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Rand Paul says he won't get a Covid vaccination

The CDC recommends that those who have been infected still get vaccinated because experts aren't certain how long natural immunity lasts.
Sen. Rand Paul, R-Ky., speaks during a Senate hearing on May 11, 2021.
Sen. Rand Paul, R-Ky., during a Senate hearing on May 11.Greg Nash / Pool via AP file

Sen. Rand Paul, R-Ky., said Sunday that he is not getting vaccinated because he has already had Covid-19.

Speaking with a conservative host on WABC radio in New York, Paul, an ophthalmologist, said he won't change his mind unless "they show me evidence that people who have already had the infection are dying in large numbers or being hospitalized or getting very sick."

"I just made my own personal decision that I'm not getting vaccinated, because I've already had the disease, and I have natural immunity," Paul said.

The Centers for Disease Control and Prevention recommends that people who have been infected still get vaccinated because experts are not certain how long natural immunity lasts.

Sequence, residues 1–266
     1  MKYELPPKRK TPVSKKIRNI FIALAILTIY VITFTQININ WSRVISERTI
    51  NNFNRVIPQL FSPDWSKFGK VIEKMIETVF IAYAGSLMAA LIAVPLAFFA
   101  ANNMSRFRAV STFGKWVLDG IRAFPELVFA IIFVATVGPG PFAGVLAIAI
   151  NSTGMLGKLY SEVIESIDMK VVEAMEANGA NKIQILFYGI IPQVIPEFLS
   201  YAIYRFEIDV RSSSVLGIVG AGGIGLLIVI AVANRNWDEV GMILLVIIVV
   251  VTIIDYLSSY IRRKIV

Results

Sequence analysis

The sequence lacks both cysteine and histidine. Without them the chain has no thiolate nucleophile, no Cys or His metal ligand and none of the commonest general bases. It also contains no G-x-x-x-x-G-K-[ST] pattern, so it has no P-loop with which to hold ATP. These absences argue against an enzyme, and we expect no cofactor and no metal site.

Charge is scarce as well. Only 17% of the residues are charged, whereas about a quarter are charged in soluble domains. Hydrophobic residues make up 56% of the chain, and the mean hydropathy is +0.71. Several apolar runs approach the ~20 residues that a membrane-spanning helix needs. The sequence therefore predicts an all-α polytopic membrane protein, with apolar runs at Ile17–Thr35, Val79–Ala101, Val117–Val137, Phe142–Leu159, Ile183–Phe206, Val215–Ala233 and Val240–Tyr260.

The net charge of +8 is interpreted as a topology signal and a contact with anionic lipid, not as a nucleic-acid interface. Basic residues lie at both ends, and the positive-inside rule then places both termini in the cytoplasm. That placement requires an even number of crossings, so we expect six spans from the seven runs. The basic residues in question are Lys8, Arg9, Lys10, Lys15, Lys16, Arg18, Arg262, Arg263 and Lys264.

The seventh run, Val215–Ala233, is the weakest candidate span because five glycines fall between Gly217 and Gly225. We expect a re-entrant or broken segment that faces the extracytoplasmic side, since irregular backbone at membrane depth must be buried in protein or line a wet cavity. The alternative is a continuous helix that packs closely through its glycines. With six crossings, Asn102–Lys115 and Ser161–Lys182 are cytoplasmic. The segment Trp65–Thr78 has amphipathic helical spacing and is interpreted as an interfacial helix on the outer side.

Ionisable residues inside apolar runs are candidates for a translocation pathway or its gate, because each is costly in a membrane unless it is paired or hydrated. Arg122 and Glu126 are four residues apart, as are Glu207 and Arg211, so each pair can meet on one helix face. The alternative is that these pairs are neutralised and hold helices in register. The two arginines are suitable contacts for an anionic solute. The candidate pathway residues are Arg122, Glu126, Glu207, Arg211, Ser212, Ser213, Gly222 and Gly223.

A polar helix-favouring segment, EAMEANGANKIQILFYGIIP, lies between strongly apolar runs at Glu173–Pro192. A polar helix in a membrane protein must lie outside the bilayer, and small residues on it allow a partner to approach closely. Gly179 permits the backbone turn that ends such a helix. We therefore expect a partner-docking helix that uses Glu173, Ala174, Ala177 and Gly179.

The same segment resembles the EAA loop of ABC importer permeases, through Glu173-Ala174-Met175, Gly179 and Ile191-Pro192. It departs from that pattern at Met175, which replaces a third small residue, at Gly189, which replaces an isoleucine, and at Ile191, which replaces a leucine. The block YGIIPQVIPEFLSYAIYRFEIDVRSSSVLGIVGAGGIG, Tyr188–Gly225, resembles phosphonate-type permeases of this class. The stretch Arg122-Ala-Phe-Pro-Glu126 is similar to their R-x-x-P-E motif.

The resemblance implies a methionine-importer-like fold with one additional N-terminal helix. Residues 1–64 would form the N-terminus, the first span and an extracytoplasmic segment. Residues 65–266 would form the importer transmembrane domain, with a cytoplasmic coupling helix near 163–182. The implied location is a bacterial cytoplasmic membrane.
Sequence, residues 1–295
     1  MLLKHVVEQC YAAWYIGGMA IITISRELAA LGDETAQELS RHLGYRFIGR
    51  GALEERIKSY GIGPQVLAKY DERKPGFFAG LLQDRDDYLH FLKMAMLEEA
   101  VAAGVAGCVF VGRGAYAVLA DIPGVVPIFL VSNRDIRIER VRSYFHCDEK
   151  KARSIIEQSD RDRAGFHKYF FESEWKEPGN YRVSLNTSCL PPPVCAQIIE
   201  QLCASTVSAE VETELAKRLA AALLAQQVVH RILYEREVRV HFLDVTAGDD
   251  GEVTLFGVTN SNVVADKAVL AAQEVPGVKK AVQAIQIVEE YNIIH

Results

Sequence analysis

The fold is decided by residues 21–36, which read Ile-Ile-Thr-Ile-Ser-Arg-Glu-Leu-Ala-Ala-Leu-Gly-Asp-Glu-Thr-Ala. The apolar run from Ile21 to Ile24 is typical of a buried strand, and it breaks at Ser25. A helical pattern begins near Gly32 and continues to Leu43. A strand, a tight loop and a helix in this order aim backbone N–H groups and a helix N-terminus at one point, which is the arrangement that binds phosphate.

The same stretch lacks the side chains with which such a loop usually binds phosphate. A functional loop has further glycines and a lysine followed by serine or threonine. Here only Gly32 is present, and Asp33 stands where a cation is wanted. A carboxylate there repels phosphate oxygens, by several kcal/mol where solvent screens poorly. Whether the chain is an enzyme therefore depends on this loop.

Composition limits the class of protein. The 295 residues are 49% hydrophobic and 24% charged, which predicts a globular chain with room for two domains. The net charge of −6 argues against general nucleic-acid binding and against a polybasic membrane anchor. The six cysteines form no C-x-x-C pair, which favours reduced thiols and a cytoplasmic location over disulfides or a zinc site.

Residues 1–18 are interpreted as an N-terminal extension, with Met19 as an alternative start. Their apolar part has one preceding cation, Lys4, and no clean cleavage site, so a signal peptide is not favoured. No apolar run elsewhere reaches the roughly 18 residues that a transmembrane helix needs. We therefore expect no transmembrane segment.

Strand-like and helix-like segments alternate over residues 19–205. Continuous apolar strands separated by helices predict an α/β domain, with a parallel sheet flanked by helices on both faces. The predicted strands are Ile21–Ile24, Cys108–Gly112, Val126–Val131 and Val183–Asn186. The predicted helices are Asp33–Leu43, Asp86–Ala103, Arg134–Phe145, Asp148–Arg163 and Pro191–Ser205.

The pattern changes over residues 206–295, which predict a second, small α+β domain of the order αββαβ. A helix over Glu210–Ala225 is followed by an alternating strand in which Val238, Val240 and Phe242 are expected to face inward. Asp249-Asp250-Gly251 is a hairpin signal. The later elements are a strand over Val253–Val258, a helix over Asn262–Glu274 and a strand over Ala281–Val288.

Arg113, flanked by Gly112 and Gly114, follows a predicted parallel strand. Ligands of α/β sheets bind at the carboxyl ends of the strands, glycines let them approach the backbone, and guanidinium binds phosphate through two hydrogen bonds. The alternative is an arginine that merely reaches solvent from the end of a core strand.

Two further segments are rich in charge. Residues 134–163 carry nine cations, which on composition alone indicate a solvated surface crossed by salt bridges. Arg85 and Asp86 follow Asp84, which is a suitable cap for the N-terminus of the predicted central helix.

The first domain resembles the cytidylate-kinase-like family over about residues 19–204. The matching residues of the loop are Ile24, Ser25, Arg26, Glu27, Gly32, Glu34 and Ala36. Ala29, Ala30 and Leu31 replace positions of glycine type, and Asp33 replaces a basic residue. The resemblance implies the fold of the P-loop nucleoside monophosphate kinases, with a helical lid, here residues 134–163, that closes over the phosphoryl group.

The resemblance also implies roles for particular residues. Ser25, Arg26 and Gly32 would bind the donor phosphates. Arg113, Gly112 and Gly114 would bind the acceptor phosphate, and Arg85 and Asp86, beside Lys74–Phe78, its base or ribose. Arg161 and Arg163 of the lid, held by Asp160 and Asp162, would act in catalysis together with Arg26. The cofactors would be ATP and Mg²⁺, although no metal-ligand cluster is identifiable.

Paul was the first senator known to have contracted the coronavirus when he tested positive in March 2020.

Vaccination demand has fallen, with about 60 percent of adults in the U.S. having received at least one dose so far.

Republicans, including former President Donald Trump and Senate Minority Leader Mitch McConnell of Kentucky, have promoted getting vaccinated, as both have been.

Yet Republicans remain perhaps the most a vaccination-resistant demographic. A recent PBS/NPR/Marist poll found that more than 4 in 10 Republicans say they have no plans to get vaccinated.

Paul has said for months that his natural immunity means getting vaccinated is unnecessary, even though scientists say the evidence about long-lasting natural immunity is murky.

Paul, a steadfast opponent of Covid-19 mitigation measures and mask mandates, has repeatedly clashed at Senate hearings with Dr. Anthony Fauci, the government's top infectious disease expert, arguing over topics from herd immunity to the origins of the virus.